“I am sorry. What I did is wrong. I take full responsibility.” These words have been echoing through the media as one public figure after another goes through the now-ritualized public apology, often for behavior that might, in a previous time, been deemed private. The statements more often than not lack authenticity, as though pulled from a grand script of remorse, as though the words somehow will move forgiveness forward, as though they are the formula to exoneration. The more these words are uttered, the more cliche they become, and the less value they are likely to have in bringing about true resolution of the problems being apologized for.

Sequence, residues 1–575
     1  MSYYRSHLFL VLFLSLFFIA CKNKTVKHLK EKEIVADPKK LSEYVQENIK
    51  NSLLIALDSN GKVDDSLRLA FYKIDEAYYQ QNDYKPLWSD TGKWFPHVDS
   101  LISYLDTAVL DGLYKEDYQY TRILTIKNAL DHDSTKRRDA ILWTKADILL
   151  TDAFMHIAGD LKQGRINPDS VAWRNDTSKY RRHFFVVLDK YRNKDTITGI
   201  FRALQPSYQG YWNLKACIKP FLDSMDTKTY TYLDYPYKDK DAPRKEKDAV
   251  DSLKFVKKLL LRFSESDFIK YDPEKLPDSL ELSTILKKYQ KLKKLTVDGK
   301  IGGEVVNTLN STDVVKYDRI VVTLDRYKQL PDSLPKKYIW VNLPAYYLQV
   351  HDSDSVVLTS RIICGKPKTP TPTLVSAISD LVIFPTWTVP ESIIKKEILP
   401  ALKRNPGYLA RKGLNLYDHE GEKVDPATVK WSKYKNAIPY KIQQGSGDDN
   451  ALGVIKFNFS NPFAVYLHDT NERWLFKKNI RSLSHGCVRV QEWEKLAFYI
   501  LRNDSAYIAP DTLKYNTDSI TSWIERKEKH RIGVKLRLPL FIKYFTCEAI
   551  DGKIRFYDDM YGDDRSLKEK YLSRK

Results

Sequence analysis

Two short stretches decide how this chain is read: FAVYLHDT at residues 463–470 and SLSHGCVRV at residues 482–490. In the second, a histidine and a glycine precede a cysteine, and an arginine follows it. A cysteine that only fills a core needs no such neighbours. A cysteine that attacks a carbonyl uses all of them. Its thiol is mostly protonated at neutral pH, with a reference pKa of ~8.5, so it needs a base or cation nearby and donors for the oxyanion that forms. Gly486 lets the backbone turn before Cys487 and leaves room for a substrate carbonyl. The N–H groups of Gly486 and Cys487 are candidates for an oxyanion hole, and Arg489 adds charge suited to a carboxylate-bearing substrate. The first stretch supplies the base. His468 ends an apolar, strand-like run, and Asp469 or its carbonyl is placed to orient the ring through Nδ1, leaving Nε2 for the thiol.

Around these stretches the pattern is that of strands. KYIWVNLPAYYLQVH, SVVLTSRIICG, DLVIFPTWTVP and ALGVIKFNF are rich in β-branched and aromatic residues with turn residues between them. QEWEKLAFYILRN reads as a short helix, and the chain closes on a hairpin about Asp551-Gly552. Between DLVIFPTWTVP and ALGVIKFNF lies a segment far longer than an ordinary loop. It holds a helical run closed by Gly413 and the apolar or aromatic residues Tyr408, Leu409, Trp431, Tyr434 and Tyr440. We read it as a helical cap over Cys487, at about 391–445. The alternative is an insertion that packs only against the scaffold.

Workplace apologies are needed. In years past,people whose work life had been disrupted by the misconduct of others were often looking to regain what they’d had before the misconduct. “I just want things to go back the way they were,” was a familiar plea by those who’d been wronged by others. In those cases, the remedy was sometimes a facilitated dialogue and a sincere apology, and, with managerial fingers crossed, life could possibly go back to normal with proper monitoring and coaching. Read the rest of this entry »